Flammarion, (Nicolas) Camille (1842–1925)
Camille Flammarion was a French astronomer and author of more than 70 books, who did more to encourage public interest in the subject than anyone else of his day, although many of his scientific and philosophical arguments were eccentric. Born in Montigny-le-Roi, he served for some years at the Paris Observatory (beginning in 1858) and at the Bureau of Longitudes, but in 1883 he set up a private observatory at Juvisy, near Paris, and continued his studies, especially of double and multiple stars and of the Moon and Mars. His first book, La pluralities mondes habites (The Plurality of Inhabited Worlds), originally published in 1862, secured his reputation as both a great popularizer and a leading advocate of extreme pluralism. By 1882, it had gone through 33 editions, and continued to be translated and reprinted well into the 20th century.
Flammarion's passionate belief in life on other worlds was nurtured by his readings of previous pluralist authors such as Fontanelle, Cyrano de Bergerac, Huygens, Lalande, and Brewster. He, and another French writer, J. H. Rosny, were the first to popularize the notion of beings that were genuinely alien and not merely minor variants on humans and other terrestrial forms. In his Real and Imaginary Worlds (1864) and Lumen (1887), he describes a range of exotic species, including sentient plants which combine the processes of digestion and respiration. This belief in extraterrestrial life, Flammarion combined with a religious conviction derived, not from the Catholic faith upon which he had been raised, but from the writings of Jean Reynaud and their emphasis upon the transmigration of souls. Man he considered to be a "citizen of the sky," others worlds "studios of human work, schools where the expanding soul progressively learns and develops, assimilating gradually the knowledge to which its aspirations tend, approaching thus evermore the end of its destiny." His linking of pluralism with transmigration, though an old idea, helps explain why these doctrines are often found together in writings from the closing decades of the 19th century.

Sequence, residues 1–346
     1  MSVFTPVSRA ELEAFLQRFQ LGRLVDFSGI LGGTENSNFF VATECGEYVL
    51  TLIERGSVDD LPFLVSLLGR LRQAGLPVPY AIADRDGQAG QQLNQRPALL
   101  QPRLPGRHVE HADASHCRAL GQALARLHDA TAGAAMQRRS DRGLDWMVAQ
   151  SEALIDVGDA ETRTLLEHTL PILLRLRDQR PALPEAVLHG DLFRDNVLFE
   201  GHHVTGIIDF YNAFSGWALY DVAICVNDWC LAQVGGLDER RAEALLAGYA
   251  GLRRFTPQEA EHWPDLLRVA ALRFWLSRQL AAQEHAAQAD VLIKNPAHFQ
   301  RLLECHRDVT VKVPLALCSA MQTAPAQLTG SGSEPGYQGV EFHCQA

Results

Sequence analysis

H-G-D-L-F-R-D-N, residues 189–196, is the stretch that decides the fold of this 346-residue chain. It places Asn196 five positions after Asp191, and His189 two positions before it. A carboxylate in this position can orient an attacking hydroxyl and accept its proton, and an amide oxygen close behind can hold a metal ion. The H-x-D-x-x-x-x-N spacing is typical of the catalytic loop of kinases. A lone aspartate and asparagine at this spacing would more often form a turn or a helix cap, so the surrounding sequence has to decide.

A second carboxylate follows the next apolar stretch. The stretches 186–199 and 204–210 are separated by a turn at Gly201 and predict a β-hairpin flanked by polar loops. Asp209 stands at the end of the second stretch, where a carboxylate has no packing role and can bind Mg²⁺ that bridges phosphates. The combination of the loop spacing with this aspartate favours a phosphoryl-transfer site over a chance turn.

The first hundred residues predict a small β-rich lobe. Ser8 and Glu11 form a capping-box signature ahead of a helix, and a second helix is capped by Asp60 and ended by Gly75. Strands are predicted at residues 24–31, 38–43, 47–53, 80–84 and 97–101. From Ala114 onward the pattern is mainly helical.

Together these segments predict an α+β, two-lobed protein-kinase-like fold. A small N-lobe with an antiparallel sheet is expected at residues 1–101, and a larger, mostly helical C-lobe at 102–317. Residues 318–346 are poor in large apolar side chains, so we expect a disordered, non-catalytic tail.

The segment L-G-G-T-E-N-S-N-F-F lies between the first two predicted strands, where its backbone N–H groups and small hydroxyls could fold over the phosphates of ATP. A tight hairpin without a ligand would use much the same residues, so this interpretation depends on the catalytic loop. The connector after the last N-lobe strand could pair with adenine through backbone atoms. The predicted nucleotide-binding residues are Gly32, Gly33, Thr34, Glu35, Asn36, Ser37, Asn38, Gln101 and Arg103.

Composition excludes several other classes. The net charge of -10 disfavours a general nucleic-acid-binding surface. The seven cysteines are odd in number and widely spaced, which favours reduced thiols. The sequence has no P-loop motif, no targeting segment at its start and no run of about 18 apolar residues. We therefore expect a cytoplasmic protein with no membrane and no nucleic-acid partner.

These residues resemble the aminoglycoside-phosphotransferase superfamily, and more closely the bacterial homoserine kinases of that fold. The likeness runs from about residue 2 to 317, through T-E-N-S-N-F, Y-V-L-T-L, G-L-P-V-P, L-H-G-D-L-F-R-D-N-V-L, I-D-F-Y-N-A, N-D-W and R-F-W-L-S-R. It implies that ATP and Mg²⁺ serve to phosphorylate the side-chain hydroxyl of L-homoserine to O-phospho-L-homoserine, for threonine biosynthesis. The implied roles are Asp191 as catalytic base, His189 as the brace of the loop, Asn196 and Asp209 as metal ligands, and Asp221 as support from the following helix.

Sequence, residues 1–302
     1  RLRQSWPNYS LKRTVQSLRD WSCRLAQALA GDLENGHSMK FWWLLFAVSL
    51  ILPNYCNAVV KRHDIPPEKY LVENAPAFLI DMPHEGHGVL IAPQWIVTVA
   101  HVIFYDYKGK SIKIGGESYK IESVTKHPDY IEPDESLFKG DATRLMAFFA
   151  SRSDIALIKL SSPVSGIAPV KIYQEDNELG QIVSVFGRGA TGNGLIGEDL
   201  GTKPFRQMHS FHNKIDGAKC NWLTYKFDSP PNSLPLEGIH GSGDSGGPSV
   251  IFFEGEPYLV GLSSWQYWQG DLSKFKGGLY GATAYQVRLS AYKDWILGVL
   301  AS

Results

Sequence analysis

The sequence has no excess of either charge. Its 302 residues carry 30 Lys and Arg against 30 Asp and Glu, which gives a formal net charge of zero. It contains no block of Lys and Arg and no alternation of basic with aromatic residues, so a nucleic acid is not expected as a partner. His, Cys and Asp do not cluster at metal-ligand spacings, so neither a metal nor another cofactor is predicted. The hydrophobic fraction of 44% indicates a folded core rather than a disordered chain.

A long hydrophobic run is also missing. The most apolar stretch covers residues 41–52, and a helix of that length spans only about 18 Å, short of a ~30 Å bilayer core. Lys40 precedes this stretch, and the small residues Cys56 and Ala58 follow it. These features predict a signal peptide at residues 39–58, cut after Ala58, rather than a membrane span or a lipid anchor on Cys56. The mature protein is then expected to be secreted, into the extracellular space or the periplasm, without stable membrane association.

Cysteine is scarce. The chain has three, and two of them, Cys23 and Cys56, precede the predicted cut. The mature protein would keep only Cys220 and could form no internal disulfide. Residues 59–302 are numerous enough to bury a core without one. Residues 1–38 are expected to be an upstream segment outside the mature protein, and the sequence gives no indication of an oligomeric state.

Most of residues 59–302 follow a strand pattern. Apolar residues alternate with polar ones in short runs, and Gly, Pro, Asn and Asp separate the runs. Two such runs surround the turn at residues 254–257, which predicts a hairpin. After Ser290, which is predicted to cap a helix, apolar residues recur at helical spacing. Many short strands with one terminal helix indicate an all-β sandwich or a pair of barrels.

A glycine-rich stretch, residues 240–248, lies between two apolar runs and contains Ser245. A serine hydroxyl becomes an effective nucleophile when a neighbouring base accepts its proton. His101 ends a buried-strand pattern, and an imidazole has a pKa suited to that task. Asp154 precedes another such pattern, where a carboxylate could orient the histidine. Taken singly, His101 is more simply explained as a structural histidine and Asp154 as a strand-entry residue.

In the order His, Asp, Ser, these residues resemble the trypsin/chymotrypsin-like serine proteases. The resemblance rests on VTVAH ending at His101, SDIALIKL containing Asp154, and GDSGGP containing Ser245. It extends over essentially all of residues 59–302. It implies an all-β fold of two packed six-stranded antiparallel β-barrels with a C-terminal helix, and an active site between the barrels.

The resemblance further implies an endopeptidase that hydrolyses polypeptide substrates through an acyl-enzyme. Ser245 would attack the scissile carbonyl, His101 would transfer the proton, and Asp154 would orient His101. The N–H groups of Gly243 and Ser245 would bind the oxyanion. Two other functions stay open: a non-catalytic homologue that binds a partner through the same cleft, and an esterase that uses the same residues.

Flammarion's best-selling work, his epic Astronomie populaire (1880), translated as Popular Astronomy (1894), is filled with speculation about extraterrestrial life. An entire chapter is taken up in arguing the case for lunar life (see Moon, life on), while Mars he considers "an earth almost similar to ours [with] water, air ... showers, brooks, fountains ... This is certainly a place little different from that which we inhabit." In 1892, he speculated further on the fourth planet in his La planète Mars et ses conditions d'habitabilité though in prose less florid than his earlier work. Concerning the canals (see Mars, canals of), he is open-minded, suggesting "they may be due to superficial fissures produced by geological forces or perhaps even to the rectification of old rivers by the inhabitants for the purpose of the general distribution of water ..." As to martian life, he concludes "the actual habitation of Mars by a race superior to our own is in our opinion very probable" (see Mars, life on).
Flammarion's fertile imagination moves from romantic science to scientific romance in his Recits de l'infini (1872) and La fin du monde (1893). The former includes several tales which describe the reincarnation of a spirit on other worlds in various alien forms, while the latter has been seen as a precursor to Stapledon's Last and First Men.
His later studies were on psychical research, on which he wrote many works, among them Death and Its Mystery (3 vols., 1920–21). Flammarion earned the amorous attention of a French countess who died prematurely of tuberculosis. Although they never met, the young woman made an unusual request to her doctor, that when she died he would cut a large piece of skin from her back, bring it to Flammarion, and ask that he have it tanned and used to bind a copy of his next book. (The woman also had a picture of Flammarion tattooed on herself!) Flammarion's first copy of Terres du Ciel was bound thus, with an inscription in gold on the front cover: "Pious fulfillment of an anonymous wish/ Binding in human skin (woman) 1882".
In 1919, Camille married his second wife Gabrielle Renaudot (1876–1962) and for six years they worked side by side to promote astronomy in France. After Camille died, Gabrielle continued to maintain Juvisy Observatory and even made arrangements for work to continue after her death. She is buried next to her husband in the observatory park.
The Plurality of Inhabited Worlds (1862; 30th ed. 1884)
Imaginary Worlds and Real Worlds (1864; 19th ed. 1884)
God in Nature (1866; 18th ed. 1882)
Celestial Marvels (1865; Eng. trans. 1870)
Studies and Lectures in Astronomy (1866–81; 9 vols.)
History of the Heavens (1872)
The Atmosphere (1872; Eng. trans. 1873)
The Stars and teh Curiosities of the Heavens (1881)
Travels in the Air (trans. by Glaisher, 1871)
The Planet Mars (1892)
Popular Astronomy (trans. 1894)